The basic plot of "Pearl" could have been told without infusing so much religion into it. What was behind your choice to give the three major characters such complicated religious backgrounds?

I guess the plot of it could have been told without the religious infusion, but the characters that came to me at the same time as the plot did simply couldn't have existed without the religious dimension. One of the things that I was interested in with the characters is: what happens to certain categories of thought that were very ordinary to religious people--did they just drop off the mental radar screen [when someone is no longer religious]? The whole notion of atonement, for example, which is really a religious idea--what do people who don't have a religious framework do with that concept? The whole idea of martyrdom, which until very recently had an exclusively religious notion, does that drop out of the imagination as a religious framework drops away? I think we've seen it really doesn't.


So I was really interested in how categories that are called religious and that were framed in religious terms transmute themselves in somebody who is brought up without those terms and framework. I was also interested in what happens to those terms and framework in people who think they've given up a religious way of being.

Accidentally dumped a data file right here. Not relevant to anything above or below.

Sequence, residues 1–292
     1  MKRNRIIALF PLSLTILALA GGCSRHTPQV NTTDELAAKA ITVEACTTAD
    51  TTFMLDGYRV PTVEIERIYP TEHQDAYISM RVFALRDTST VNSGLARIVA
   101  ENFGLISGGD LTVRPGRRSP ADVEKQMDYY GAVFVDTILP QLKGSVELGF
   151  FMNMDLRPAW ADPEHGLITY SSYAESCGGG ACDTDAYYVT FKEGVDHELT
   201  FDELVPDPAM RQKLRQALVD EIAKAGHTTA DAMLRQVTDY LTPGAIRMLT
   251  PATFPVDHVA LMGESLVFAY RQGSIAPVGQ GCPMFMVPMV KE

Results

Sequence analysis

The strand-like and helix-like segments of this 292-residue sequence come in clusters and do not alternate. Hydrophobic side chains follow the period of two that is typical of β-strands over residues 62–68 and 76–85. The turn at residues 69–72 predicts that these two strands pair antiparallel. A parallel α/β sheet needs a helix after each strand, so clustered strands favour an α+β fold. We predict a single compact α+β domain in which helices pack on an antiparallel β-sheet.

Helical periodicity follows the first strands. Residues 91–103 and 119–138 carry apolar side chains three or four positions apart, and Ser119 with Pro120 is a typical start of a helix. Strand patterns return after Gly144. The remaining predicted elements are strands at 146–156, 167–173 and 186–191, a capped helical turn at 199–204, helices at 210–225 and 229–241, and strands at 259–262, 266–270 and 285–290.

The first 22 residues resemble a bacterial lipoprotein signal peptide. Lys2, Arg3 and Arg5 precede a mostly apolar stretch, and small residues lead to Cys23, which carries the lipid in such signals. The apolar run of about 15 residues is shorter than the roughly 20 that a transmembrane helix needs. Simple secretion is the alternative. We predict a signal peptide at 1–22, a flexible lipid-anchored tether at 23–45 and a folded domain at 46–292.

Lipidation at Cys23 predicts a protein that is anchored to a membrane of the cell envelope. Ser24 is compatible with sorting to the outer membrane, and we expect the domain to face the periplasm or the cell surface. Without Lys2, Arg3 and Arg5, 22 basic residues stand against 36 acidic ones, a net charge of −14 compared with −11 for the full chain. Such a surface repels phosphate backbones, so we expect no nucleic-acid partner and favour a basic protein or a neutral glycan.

For Pearl, a student of linguistics, those categories were words. What is the difference between thinking of these categories like martyrdom and atonement in linguistic terms and thinking of them as articles of faith? 

Well, if they are linguistic terms, they are replaceable by other linguistic terms without much fuss. If they're religious, they're considered irreplaceable and necessary. They're not just one choice among many. They're not even a choice -- they're an eternal truth that is imposed.


Maria, Pearl's mother, keeps returning to those categories, even though she gave up Catholicism. How much does her story parallel your own?

Not a whole lot. The main parallel is that I had a father who was a Jew who converted to Catholicism. The other parallel is that I am somebody whose ruling passion is the maternal passion. But I wasn't as politically active as she was in the 60s, I didn't take the kind of risks that she did. I was obviously involved in anti-war protests but I didn't really put myself on the line the way she did. I never went to Central America and worked in a clinic, I never worked in day care centers. I'm not a single mother. I'm married and brought up my two children with my husband, their father. Maria is kind of like me in certain preoccupations but unlike me in the biographical trajectory.


It made sense to me that Maria would not want to raise Pearl in Catholicism, based on her experience with the faith and her father. But you also point out that she made a real effort not to give Pearl any knowledge of Judaism as well. Why did she feel so strongly about that as well?